Andy’s Blog and Tools

Syndicate content
Delphi, C++Builder and other thoughts
Updated: 1 hour 44 min ago

What’s wrong with virtual methods called through an interface

Tue, 05/31/2016 - 11:20

Calling a virtual method through an interface always was a lot slower than calling a static method through an interface. But why is that? Sure, the virtual method call costs some time, but comparing it with the difference of a normal static and virtual method call shows that the timings diverge too much.

i7-4790 3.6GHz
10,000,000 calls to empty method Instance call Interface call Static method 12 ms 17 ms Virtual method 17 ms 164 ms

Let’s assume we have this declaration:

type
IMyInterface = interface
procedure Test(A, B: Integer);
end;
  TTest = class(TInterfacedObject, IMyInterface)
public
procedure Test(A, B: Integer); virtual;
end;

The compiler will generate a helper function for the interface method “Test”. This helper converts the “MyIntf” interface reference in the call “MyIntf.Test()” to the object reference behind the interface and then jumps to the virtual method.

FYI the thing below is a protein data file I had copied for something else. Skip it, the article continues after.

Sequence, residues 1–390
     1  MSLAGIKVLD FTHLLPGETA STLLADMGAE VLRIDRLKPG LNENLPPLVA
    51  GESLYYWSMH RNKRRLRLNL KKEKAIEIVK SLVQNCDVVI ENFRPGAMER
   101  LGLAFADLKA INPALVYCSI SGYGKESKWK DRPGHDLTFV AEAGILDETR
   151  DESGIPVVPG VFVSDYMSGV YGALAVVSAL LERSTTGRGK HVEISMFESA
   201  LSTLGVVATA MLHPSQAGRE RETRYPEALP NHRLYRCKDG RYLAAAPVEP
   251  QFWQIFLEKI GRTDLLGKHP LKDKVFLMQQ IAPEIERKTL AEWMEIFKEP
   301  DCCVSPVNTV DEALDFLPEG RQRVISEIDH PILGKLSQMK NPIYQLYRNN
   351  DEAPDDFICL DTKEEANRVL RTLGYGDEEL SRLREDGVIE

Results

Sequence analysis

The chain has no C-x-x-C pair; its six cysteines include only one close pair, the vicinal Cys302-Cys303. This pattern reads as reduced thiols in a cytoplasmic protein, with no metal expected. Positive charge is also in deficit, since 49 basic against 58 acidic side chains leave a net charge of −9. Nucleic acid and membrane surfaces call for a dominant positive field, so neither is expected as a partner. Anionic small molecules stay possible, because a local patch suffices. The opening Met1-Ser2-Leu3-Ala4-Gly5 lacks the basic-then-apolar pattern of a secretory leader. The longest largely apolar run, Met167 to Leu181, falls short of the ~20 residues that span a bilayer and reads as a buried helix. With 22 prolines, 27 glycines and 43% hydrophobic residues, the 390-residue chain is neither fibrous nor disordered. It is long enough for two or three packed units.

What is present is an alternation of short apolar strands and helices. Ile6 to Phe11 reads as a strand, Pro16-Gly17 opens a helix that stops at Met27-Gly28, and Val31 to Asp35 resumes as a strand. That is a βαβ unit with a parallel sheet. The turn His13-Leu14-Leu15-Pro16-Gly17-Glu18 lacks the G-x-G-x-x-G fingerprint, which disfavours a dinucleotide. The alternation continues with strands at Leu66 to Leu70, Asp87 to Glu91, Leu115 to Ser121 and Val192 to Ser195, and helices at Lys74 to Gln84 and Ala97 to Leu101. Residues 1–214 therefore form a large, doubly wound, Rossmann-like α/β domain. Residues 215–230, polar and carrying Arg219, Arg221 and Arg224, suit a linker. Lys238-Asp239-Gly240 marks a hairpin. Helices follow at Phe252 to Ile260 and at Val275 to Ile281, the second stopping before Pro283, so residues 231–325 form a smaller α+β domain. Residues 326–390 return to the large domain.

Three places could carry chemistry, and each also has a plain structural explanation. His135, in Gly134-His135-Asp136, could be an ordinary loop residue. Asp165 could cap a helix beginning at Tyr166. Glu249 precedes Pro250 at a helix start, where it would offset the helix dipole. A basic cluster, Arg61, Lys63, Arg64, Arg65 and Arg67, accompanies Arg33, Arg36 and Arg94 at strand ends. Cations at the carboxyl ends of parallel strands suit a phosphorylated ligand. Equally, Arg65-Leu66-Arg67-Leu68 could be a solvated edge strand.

add eax,-$0C   // convert the interface reference to the object reference
push eax       // save the object reference on the stack
mov eax,[eax]  // access the VMT
mov eax,[eax]  // get the “Test” VMT method address
xchg [esp],eax // swap the object ref on the stack with the method address
ret            // do the jump to the method address

This is very slow as you can see in the table above. If you know the “XCHG mem,reg” instruction, then you also know that it has an implicit “CPU LOCK” that slows down the method call a lot. But why is it using the XCHG instruction in the first place? Well, we are in between a method call. All the parameters are already loaded in to EAX, EDX and ECX. So we can’t use those to do the swap. The only way is to use the stack as temporary variable, and XCHG seemed to be the choice of the compiler engineer at the time interfaces were introduced to Delphi.

Let’s change that code to not use XCHG.

add eax,-$0 C      // convert the interface reference to the object reference
push eax           // reserve space for the method address used by RET
push eax           // save the object reference on the stack
mov eax,[eax]      // access the VMT
mov eax,[eax]      // get the “Test” VMT method address
mov [esp+04],eax   // write the method address to the reserved space
pop eax            // restore the object reference
ret                // do the jump to the method address

i7-4790 3.6GHz
10,000,000 calls to empty method Instance call Interface call Static method 12 ms 17 ms Virtual method 17 ms 99 ms Virtual method (XCHG) 164 ms